“They make one of the finest sights in the world, being exquisitely finished, splendid and costly. When illuminated by the sun they are especially brilliant and can be seen from the great distance’
-Marco Polo, upon visiting Bagan’s temples in the 13th Century
Cambodia’s more-iconic Angkor Wat complex may be the most famous of the Hindu / Buddhist temples, but many (including myself) would argue that the temples of Bagan, in central Myanmar, are the most spectacular to visit. While Angkor Wat has increasingly become a saturated tourist hotspot over the last 20 years, Bagan is still comparatively untouched.
With Myanmar finally opening up to tourism, this is going to soon change. Bagan will become the next Angkor Wat and you will not be able to experience it in solitude. Go now before the Chang Beer tanktops take over.
I’d heard great things about … Read More »
Hi. What’s your name?
“Before 1989, I was known as Burma. To separate me from my colonial past, my military government now calls me Myanmar. Both names come from the local Bamar ethnic group. The local intelligentsia and socially conscious travelers will still refer to me as ‘Burma’ to make a point. You can call me either.”
Do you speak English?
“Quite well. The British were here from 1824 to 1948. Today, English is widely spoken along the tourist routes and most locals are happy to communicate with you in basic English.”
When should I visit you?
“I hope you like the sun. Southern Burma, including the largest city of Yangon, is hotter and generally wetter, while northern Myanmar gets cool in the wet season and is generally drier. The hottest months throughout Burma are March and April. May to October comprises the ‘wet season’ … Read More »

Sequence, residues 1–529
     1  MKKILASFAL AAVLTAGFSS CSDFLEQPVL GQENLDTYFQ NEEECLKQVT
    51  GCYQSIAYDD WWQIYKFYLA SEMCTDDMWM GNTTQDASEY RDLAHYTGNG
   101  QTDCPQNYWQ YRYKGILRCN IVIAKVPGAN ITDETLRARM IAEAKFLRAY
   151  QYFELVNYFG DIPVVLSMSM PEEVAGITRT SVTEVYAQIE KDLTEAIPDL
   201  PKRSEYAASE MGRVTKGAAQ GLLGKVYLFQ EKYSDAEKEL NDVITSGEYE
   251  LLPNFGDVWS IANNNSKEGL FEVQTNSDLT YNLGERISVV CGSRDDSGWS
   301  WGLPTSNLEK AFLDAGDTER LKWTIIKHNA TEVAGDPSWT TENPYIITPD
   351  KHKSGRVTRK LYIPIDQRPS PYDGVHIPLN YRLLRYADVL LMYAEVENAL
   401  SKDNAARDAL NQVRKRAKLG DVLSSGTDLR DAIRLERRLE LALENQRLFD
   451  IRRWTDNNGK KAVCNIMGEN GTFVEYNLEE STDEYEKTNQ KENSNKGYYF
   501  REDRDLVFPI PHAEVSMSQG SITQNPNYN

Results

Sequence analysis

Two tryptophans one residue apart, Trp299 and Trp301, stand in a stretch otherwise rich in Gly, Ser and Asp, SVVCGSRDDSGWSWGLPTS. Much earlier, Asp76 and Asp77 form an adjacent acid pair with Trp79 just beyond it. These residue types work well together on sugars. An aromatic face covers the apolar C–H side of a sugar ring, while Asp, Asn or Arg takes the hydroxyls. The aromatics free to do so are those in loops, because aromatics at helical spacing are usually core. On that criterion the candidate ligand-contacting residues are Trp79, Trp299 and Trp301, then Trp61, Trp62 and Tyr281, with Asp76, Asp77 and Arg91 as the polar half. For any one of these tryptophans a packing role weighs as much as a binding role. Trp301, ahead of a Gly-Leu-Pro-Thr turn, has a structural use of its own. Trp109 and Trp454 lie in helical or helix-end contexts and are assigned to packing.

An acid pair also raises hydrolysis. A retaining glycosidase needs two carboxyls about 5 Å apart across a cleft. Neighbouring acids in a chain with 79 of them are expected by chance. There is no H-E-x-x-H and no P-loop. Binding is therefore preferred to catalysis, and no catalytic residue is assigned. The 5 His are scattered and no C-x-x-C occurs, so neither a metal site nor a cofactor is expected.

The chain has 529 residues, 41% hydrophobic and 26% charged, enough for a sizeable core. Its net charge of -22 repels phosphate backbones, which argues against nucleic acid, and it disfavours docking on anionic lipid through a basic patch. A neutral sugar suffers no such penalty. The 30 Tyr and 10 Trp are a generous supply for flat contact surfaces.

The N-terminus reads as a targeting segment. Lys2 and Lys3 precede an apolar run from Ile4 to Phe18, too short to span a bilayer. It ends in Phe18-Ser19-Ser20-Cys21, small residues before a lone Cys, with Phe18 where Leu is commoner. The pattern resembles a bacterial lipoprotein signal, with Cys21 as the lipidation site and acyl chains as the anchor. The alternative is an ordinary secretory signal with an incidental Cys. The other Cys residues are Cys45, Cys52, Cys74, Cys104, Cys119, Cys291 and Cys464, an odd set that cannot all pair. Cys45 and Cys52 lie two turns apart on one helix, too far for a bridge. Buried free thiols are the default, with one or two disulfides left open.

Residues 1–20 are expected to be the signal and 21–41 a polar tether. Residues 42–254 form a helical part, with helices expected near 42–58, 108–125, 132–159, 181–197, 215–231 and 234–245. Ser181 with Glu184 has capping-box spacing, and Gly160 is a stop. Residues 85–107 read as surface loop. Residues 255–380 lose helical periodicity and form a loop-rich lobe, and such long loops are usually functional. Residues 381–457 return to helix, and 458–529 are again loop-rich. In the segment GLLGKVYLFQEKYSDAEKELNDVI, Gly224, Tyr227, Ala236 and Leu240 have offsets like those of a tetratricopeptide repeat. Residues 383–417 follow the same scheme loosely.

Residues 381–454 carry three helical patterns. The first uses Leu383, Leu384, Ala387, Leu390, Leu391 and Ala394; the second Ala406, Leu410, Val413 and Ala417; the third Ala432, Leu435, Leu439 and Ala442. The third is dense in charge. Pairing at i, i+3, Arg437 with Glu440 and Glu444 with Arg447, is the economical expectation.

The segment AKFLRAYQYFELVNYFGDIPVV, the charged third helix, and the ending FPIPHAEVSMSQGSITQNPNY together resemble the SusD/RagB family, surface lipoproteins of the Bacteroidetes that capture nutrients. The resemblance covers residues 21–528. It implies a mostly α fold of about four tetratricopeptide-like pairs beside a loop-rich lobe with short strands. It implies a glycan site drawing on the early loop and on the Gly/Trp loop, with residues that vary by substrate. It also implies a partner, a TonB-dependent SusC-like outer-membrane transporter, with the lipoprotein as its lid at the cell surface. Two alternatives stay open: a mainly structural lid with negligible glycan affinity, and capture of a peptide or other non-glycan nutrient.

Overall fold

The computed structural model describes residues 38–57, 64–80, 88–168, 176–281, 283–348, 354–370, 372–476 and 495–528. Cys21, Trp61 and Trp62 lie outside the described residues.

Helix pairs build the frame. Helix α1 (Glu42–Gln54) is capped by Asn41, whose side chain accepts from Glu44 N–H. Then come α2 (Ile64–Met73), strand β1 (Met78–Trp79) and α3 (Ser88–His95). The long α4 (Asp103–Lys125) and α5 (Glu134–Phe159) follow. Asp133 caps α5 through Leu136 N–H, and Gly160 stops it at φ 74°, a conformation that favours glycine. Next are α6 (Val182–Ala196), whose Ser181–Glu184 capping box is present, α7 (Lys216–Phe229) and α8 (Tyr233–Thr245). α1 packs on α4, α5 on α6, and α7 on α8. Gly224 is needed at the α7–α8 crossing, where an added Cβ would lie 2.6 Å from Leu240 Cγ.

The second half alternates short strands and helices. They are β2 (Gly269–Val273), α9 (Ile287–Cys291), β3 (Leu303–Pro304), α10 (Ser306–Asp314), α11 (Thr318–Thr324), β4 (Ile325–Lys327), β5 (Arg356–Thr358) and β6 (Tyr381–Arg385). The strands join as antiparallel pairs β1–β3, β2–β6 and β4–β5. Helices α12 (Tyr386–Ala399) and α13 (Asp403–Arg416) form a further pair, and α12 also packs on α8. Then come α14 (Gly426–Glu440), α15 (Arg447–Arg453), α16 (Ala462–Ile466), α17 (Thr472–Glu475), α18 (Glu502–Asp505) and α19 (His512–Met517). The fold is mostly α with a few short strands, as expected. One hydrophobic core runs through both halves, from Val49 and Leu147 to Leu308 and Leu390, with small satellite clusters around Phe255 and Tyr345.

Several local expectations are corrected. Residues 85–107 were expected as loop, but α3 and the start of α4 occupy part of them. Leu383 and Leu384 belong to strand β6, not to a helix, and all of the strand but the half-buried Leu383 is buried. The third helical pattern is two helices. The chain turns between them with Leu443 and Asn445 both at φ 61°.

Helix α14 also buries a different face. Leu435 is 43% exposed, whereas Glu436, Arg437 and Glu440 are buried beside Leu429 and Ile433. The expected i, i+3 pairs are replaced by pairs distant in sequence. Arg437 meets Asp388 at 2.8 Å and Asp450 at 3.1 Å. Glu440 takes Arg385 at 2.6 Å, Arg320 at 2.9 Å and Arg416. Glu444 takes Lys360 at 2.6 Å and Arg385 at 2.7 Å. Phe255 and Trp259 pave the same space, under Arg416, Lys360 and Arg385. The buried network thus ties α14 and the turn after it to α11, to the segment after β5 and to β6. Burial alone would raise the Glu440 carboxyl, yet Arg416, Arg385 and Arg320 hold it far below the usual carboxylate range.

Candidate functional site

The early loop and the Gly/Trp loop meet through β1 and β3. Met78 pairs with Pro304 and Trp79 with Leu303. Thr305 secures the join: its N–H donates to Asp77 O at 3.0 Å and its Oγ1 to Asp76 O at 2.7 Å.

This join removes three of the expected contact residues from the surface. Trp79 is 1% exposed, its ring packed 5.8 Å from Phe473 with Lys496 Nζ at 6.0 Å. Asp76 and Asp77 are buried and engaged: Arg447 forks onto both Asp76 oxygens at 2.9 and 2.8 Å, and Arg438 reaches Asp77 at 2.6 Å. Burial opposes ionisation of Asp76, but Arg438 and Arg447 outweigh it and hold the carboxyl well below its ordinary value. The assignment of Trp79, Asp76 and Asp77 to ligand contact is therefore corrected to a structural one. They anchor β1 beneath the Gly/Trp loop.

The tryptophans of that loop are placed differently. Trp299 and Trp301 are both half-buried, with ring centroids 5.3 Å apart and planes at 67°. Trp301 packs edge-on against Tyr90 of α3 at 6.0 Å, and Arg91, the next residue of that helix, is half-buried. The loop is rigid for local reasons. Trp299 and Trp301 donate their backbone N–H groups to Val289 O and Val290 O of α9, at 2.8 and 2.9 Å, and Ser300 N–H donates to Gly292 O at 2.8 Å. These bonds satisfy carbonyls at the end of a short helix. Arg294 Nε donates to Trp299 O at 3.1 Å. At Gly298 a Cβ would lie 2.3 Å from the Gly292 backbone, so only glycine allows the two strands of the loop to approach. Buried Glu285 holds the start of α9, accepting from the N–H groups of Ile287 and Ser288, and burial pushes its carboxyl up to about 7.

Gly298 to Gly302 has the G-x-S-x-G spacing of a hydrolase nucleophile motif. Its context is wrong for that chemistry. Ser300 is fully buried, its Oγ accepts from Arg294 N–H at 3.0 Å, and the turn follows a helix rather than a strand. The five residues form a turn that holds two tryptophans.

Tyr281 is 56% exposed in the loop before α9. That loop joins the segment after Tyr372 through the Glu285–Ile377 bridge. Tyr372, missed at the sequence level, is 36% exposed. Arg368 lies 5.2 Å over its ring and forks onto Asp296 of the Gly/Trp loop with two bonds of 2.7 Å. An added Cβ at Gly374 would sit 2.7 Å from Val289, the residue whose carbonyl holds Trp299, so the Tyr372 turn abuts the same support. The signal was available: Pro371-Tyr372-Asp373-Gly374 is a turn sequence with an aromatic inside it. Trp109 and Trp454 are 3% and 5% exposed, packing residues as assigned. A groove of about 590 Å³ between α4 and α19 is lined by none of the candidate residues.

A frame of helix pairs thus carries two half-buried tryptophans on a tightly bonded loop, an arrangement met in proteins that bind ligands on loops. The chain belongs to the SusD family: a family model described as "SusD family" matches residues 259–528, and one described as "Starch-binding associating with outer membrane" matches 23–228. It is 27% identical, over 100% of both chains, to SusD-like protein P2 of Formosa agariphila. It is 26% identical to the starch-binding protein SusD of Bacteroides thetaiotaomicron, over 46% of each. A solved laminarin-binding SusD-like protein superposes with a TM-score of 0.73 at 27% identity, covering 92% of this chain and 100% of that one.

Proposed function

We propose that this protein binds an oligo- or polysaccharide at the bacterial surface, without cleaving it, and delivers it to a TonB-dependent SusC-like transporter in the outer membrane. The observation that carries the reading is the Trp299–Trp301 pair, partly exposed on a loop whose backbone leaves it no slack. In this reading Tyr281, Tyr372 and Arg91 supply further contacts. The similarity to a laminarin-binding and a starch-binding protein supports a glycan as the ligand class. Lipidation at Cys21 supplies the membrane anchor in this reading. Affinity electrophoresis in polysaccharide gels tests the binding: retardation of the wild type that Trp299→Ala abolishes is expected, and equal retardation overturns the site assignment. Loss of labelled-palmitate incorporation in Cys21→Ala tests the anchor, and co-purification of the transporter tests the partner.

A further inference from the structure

(the elder Steven Muzik, on the left, about to do something cool)
Recently, I was back in Ohio for Christmas. In the midst of my curious snooping, I came across a bit of a travelogue that my grandfather (by chance also named Steven Muzik) wrote in 1988 for a reunion. It recounts his time in Asia with the military and touches on his travels for his engineering firm.
Writing this, I have now been to many of the places he traveled to. However, with no mention of karaoke, high-speed trains or Macbooks, it’s apparent his time abroad was a bit different from mine.
I’ve transcribed his travelogue. In his own words:
“On January 9, ’45 boarded the USS Gen. C.G. Morton with my unit of 214 men. A “quality” outfit comprised of mostly “jail house lawyers”, four of whom never did get abroad. We … Read More »